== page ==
(embarrassed) Yes! Nuns, not lungans!
nmg:
That programme is set in, well, a made-up university, not Vienna. There will almost certainly be nuns somewhere in Vienna, but I very much doubt that we'll see them going through bins.
garklet:
(disappointed) Oh.
nmg:
Vienna has other things. It has very chocolately chocolate cake!
garklet:
(brightening) Oh!

No wonder the lad has been lukewarm about Vienna - he's been under the misapprehension that we're going on holiday to a crumbling 1960s university campus!

angry

An interesting choice of words

So, Apple posted a teaser for the new version of OS X yesterday, and in amongst the goodies was the following image. Note the name of the user.

I'm quite surprised that there hasn't been a larger reaction to this (but this may just be my own prejudices*). So, to the poll!

Poll #1819593 Apple marketing

Is "Spazbert":

A cute-sounding username?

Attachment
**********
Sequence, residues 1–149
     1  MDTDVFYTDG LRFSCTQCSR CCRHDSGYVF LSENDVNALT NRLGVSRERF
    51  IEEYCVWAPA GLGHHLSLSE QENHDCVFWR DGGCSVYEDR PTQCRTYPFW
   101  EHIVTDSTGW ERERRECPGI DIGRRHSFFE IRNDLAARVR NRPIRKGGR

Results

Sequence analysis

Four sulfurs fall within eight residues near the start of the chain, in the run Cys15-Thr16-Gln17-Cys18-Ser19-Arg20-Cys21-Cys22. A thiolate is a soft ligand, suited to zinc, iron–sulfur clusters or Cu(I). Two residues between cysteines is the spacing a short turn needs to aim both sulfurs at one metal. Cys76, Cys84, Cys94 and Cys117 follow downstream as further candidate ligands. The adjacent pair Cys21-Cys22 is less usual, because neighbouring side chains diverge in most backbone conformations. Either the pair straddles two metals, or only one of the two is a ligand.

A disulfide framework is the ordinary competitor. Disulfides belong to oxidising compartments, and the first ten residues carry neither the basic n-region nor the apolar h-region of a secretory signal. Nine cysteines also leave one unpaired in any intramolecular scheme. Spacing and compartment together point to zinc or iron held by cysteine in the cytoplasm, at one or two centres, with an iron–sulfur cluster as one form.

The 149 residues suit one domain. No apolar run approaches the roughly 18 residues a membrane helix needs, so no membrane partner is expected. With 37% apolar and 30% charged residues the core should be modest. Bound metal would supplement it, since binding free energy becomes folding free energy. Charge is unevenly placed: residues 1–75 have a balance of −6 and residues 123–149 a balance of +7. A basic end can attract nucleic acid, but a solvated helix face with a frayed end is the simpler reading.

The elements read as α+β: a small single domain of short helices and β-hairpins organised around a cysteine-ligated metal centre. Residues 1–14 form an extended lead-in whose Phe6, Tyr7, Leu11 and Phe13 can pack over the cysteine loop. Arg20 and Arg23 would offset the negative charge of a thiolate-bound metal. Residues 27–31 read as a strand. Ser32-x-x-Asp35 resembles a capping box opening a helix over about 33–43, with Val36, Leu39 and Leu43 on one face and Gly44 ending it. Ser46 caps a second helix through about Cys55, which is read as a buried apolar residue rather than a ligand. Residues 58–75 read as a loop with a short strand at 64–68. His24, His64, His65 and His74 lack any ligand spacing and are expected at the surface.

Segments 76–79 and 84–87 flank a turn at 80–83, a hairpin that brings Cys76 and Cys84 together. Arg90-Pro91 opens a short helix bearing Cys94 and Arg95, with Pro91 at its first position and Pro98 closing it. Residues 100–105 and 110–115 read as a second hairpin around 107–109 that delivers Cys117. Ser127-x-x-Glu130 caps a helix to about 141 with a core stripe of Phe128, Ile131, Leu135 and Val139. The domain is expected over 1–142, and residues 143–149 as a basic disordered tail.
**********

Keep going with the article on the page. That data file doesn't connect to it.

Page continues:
5(13.2%)
Derived from a pejorative term for the cerebral palsied?
33(86.8%)

Apple is a US-based company. Therefore, when marketing overseas they should:

Aim not to use locally offensive terms.
33(84.6%)
Use whatever language they want because they're goddamned Americans.
1(2.6%)
Use whatever language they want because they're goddamned Apple.
1(2.6%)
Use only brightly-coloured shapes.
4(10.3%)

Who cares, everyone speaks American English now

Yeah!
0(0.0%)
Quite the reverse, actually.
39(100.0%)

You're thinking too hard about this.

Yes.
6(15.8%)
No.
32(84.2%)

* two of my cousins are CP

  • Current Music
    Ian Dury
chap

I call it the Marmalagarita

While squeezing some Seville oranges at the weekend (for duck a l'orange, as you do), I realised that what Seville orange juice really, really needs is tequila. I therefore present the following:

Marmalagarita

40ml tequila
20ml Cointreau
Juice of a Seville orange
Dash of orange bitters (Fee Bros. preferred)

chap

Life Update: Luxembourg, birthday, work, court

It's been a very busy few weeks here, with no sign that work is going to ease off before Xmas (or before the arrival of Garklet #2), but I ought to make an effort to at least record what's been going on with my life.

After the failed trip to Stornoway last month, the candidate and his supervisor came down to Southampton (they were in London for a meeting) for a second attempt at a viva, and I'm delighted to say that he defended his PhD well.